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STEPHEN HEMELT — PI: Unpolished jewel needs city help

Port Arthur City Councilmembers discussed volunteerism, potential tourism attraction and city services during more than half an hour of discussion this week when talk turned to Pleasure Island.

Led by three speakers who requested time to speak during Tuesday’s regularly scheduled meeting, the focus quickly shifted to city leaders who promised change.

Councilwoman Charlotte Moses was the most emphatic.

“We need to follow through with whoever is supposed to take care of that to make sure it is done,” Moses said. “How do we get (Ronald Moon) some help with the cleaning? Is our parks department cleaning or assisting with the cleanup out there?”

Moses stressed Moon and other volunteers should not have to clean six miles of levee on a near daily basis, picking up loose trash for deposit in trashcans.

“We appreciate your volunteerism, but I’m going to stay on it until you get some assistance,” Moses said.

“We’ll see what the city will do to assist you, as well, and follow through on what we did say we would do, which were the signs being up and not having someone drop the ball.”

Most of Moon’s presentation this week centered on his progress bringing clean vistas and experiences to visitors to the island’s north levee. He brought councilmembers numerous pictures of smiling faces displaying fresh catches.

He said the island’s north and south levees provide 12 miles of bank fishing for residents, out-of-towners, workers and opportunities for bird watchers, as well as those who want a scenic drive.

“It’s beautiful, right there and all we need to do is a little more to keep it nice, clean and enjoyable,” Moon said.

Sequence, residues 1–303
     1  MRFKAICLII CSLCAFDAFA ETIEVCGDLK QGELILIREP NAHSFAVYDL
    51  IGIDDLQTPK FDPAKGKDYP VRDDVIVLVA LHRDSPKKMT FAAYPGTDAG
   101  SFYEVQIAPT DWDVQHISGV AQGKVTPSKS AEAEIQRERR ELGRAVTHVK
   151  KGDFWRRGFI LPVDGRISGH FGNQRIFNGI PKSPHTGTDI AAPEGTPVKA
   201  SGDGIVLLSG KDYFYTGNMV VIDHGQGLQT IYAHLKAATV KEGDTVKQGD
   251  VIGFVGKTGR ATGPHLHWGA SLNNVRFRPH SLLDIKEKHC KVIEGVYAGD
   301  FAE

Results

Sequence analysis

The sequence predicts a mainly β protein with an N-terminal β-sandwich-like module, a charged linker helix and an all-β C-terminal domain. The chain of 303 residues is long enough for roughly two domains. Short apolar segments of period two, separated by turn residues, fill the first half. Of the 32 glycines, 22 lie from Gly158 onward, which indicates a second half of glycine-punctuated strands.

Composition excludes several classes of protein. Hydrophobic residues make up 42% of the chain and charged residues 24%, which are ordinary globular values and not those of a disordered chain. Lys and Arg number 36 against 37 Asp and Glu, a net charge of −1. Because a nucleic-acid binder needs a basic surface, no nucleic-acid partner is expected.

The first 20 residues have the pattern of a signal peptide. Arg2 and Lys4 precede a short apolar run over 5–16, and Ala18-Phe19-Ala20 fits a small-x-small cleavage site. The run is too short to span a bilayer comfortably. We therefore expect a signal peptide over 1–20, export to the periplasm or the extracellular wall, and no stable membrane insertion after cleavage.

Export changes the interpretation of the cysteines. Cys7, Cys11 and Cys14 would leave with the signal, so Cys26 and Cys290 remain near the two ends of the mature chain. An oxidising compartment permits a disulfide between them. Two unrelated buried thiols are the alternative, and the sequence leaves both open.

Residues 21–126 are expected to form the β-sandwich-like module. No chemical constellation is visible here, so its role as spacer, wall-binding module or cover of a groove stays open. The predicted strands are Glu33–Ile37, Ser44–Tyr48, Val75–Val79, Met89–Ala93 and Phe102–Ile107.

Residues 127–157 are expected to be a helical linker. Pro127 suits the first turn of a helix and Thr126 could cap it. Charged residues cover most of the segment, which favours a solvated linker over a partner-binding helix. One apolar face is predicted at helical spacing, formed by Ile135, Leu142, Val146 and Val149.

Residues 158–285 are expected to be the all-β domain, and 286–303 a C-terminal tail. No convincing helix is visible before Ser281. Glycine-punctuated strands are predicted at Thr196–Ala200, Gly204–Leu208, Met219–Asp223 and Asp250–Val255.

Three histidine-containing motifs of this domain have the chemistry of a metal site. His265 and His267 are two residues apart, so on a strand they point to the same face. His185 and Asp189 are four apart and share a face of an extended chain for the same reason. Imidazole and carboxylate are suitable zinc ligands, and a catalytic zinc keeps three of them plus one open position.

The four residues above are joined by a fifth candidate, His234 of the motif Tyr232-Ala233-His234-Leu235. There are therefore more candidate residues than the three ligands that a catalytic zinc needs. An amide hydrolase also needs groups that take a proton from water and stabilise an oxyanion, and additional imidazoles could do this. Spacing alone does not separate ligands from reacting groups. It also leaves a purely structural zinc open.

The Port Arthur native said increased patrols enforcing alcohol restrictions and the introduction of posted signs stressing the hours from 5 a.m. to 9 p.m. would go a long way to aiding growth in community participation.

Moon did express concern after collecting and displaying for authorities his discovery of two .23-caliber shells and a bunch of shotgun shells.

“It’s becoming a target range out there,” Moon said, later adding, “The people, believe me or not, are starting to use the trash cans, because they see me out there every day picking up trash. The only ones that are not helping us are the ones drinking alcohol. Every Saturday and Sunday morning I go out there and pick up 20 to 40 beer cans right there at the first set of pipes.”

Moon said there is a sign posted saying alcohol and glass containers are not allowed on the levee.

The entire first part of Tuesday’s meeting included discussion about Pleasure Island, which included a request by Reginald Trainer to install cameras on the island to log the license plates of those coming in and out.

“How can we bring in a new business if we can’t secure our people on the island,” he asked.

A third speaker, John Beard, brought up the need to upgrade the island’s clubhouse as a hosting site for community functions and as a revenue generator.

It’s been written in this newspaper before: The 18-mile, manmade island that rests in natural splendor in Lake Sabine is a beautiful place, rightfully treasured by those who live and visit there.

It’s already an attraction that our city can be proud of; by working together, it has the potential for so much more.

Stephen Hemelt is publisher of The Port Arthur News.